Anti-surveillance petition out-does the Death Star. White House must now respond
A couple of days ago, it looked like Mark Stanley’s “We The People” petition asking for reform of the Electronic Communications Privacy Act would fall well short of the 100,000 signatures needed to trigger a White House response.
Despite a bipartisan “Day of Action” last week led by the Center for Democracy and Technology, where Stanley is campaign and communications strategist, the petition had only 60,000 signatures on it with just a couple of days remaining.
That total would have been fine pre-January this year, when the White House’s threshhold for an official response to We The People petitions was set at just 25,000 signatures. But after the White House was compelled to reply to a public call for the US to build a Death Star, it increased the requirement to 100,000 signatures. And so the CDT made a gargantuan final push for supporters over social media and email blasts.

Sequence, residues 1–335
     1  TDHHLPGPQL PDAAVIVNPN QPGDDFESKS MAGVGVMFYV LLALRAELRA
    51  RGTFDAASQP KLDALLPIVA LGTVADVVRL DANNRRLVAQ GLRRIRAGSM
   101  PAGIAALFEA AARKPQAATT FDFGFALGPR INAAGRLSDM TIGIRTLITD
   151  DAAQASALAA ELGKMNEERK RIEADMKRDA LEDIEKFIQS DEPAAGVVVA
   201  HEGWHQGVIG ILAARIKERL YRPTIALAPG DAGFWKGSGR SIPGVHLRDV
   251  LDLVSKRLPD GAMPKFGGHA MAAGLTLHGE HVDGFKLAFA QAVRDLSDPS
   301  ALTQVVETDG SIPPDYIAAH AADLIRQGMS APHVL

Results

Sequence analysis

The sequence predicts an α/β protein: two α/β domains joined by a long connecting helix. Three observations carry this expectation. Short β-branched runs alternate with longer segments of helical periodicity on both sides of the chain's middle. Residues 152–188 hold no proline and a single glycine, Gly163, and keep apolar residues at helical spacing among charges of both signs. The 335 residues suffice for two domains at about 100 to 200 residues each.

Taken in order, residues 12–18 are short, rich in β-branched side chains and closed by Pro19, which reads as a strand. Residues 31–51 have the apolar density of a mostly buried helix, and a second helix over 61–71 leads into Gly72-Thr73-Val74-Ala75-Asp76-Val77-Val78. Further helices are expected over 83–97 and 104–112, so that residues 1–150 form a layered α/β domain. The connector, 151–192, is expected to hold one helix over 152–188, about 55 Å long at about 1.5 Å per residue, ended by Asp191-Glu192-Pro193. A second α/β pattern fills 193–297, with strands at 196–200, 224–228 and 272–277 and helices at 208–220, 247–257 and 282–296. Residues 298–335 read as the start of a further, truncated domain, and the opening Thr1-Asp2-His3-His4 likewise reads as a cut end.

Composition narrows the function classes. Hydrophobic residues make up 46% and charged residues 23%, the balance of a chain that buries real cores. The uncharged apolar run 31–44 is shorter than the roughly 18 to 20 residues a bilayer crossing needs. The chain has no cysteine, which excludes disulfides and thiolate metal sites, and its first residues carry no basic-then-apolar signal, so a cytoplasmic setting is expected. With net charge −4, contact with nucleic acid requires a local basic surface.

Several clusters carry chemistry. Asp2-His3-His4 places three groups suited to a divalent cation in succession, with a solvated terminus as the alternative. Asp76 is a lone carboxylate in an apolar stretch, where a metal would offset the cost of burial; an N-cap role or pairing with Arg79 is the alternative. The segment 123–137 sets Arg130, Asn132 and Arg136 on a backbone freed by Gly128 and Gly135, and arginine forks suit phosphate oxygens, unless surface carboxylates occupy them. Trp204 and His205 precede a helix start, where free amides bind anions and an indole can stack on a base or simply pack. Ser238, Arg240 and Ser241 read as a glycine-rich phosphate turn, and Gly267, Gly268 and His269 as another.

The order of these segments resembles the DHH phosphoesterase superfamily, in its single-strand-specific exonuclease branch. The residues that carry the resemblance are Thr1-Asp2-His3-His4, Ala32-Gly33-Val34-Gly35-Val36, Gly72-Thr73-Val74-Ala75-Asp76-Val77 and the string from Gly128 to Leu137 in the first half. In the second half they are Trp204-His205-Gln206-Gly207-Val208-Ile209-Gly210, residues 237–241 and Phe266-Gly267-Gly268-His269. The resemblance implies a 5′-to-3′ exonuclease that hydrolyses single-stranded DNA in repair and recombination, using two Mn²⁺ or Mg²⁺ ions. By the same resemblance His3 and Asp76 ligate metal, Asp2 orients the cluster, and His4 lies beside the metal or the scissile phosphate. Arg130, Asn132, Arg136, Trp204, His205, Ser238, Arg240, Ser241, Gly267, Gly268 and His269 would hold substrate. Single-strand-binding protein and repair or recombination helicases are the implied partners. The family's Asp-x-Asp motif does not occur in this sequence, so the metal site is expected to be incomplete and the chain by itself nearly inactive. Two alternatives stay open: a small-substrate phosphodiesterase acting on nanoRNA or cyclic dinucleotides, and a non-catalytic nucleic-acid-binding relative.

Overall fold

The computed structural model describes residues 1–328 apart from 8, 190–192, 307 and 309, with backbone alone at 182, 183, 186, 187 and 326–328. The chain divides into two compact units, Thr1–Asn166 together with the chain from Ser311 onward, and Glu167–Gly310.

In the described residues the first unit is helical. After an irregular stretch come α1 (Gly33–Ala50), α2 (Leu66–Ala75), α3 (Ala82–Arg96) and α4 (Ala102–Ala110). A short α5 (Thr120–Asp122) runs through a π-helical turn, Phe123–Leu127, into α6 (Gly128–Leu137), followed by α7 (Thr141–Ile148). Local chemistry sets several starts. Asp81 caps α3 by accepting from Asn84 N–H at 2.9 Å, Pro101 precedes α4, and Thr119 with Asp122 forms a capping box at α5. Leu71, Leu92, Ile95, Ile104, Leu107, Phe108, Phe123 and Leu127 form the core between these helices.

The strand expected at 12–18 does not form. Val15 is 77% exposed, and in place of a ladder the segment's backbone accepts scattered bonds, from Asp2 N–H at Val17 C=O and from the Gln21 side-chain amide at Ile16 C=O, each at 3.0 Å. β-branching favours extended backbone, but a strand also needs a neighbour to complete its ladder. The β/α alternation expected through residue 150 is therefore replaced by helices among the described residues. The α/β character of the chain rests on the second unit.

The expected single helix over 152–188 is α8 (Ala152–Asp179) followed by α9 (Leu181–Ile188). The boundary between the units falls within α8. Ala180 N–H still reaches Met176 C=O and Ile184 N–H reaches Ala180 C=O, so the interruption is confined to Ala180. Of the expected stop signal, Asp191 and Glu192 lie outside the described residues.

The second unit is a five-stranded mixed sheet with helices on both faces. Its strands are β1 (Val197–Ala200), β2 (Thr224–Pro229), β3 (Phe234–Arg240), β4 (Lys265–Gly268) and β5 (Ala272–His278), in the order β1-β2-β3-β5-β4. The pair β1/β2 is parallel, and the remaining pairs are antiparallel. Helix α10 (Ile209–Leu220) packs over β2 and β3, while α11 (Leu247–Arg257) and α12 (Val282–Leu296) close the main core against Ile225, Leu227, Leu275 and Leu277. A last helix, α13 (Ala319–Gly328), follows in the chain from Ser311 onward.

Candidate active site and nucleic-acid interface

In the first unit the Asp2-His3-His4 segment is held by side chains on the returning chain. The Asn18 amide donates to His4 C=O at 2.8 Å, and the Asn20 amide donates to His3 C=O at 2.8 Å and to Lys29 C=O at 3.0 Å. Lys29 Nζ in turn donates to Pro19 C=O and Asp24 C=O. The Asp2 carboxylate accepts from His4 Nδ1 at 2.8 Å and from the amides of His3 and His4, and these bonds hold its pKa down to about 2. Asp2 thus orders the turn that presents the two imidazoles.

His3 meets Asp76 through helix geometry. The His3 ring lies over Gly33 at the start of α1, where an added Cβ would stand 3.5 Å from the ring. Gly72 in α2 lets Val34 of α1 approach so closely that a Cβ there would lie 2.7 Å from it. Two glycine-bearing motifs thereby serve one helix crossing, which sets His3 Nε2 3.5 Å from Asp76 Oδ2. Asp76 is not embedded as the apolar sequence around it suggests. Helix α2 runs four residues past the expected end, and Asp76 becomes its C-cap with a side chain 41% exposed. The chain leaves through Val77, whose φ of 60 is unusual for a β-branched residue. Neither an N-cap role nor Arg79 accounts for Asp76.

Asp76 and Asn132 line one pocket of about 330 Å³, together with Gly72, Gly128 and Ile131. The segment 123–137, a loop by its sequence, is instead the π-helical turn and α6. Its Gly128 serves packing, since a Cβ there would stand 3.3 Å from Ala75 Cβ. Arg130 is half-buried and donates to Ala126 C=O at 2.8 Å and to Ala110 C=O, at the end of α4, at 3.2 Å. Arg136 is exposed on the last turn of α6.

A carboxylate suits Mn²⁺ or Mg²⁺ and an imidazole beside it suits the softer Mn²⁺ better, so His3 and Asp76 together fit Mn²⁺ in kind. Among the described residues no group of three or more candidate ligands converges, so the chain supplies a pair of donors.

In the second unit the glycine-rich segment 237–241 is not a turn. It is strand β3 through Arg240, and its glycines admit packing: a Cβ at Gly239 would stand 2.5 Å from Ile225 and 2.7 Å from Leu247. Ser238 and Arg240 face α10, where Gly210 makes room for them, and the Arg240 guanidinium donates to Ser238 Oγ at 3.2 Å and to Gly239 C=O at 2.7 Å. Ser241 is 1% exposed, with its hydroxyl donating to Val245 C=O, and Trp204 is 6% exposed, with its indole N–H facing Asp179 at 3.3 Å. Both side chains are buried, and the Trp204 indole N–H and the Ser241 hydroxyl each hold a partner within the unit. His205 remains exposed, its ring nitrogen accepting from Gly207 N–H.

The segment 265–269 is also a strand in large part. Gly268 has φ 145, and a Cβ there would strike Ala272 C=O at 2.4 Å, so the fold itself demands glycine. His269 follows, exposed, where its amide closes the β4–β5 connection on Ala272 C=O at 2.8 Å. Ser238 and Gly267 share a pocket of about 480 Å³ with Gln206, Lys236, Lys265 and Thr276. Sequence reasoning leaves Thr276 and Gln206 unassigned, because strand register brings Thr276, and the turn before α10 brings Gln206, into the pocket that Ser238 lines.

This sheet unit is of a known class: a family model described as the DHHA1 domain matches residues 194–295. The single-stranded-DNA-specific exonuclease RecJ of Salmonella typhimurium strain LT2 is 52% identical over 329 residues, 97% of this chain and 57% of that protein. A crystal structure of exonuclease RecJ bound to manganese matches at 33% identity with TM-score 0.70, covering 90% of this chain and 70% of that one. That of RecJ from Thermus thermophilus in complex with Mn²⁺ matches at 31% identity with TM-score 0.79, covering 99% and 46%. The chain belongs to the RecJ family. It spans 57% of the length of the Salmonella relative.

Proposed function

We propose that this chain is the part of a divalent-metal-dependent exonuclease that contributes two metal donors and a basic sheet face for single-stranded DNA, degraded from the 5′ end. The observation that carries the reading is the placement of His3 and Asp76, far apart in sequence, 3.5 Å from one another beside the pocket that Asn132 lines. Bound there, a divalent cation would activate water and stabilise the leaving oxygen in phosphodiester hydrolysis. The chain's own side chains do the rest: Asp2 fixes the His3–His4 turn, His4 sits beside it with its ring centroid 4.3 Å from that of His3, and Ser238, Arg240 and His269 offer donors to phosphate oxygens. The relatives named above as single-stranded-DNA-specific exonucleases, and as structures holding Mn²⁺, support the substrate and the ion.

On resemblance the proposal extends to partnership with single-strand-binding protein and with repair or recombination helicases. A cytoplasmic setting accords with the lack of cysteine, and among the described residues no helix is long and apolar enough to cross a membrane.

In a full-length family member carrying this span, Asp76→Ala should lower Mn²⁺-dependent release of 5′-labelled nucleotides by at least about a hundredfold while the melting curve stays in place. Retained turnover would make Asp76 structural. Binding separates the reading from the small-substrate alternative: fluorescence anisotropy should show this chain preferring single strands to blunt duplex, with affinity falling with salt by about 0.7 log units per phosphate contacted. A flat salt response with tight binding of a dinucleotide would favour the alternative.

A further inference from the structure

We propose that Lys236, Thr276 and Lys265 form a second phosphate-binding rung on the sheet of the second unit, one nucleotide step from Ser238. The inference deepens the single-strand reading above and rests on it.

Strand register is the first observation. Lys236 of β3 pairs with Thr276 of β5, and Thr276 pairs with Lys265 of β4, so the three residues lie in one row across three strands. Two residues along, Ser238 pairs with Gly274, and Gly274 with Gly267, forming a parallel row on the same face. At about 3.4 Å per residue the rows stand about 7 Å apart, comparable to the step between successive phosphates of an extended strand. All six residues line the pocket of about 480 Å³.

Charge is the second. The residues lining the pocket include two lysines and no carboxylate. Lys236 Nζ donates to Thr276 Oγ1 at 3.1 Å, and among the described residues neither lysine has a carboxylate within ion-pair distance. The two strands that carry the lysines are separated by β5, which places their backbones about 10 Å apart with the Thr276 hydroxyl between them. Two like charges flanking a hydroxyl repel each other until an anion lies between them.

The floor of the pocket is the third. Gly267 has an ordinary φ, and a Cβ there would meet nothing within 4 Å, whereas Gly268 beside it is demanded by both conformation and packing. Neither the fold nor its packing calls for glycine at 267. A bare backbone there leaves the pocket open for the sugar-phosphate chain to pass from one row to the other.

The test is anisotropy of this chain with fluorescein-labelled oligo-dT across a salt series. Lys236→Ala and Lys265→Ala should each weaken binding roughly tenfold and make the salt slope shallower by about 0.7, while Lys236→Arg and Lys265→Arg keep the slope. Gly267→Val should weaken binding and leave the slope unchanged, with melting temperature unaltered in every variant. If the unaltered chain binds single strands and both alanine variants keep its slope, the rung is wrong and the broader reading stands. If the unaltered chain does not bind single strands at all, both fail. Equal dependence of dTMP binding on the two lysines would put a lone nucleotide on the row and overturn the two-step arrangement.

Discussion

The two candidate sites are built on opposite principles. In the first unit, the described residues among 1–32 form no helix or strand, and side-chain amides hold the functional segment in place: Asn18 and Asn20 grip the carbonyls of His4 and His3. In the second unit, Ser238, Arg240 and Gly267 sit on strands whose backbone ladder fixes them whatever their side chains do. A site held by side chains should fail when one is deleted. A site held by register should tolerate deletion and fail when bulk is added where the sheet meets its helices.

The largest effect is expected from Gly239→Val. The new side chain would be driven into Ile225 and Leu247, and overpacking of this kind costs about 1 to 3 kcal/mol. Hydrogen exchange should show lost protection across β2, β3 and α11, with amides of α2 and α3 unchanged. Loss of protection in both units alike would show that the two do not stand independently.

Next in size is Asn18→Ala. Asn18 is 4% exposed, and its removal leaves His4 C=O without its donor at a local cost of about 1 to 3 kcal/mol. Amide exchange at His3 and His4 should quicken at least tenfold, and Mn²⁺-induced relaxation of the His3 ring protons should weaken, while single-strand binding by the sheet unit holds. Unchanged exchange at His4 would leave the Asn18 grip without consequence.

It worked. Today, the petition crept past the milestone, which means The White House must now address its central concern, which is:
“We call on the Obama Administration to support ECPA reform and to reject any special rules that would force online service providers to disclose our email without a warrant.”
The petition was prompted by concerns about the over-reach of the NSA’s surveillance, but it’s not just about the NSA. The CDT says ECPA is an outdated law that allows hundreds of agencies – including the FBI, IRS, and the DEA – to read our personal communications without a warrant. The law was passed in 1986, before email really existed, and before social media and cloud storage was even a twinkle in the not-really-existent Internet’s eye.
There are several bills before Congress that would fix ECPA by requiring a warrant for searches of private communications. However, the SEC is blocking legislation by pushing for a special provision that would allow regulatory agencies to get personal document direct from online service providers without a warrant. Such a carve-out would neuter any reform, the CDT says.
So, what next? Well, says Stanley, now we wait for the White House to speak. “We’re going to keep the pressure on the White House in order to pass a clean ECPA reform bill,” Stanley says.
He expects a response within the next couple of weeks.
[Image via opensource.com]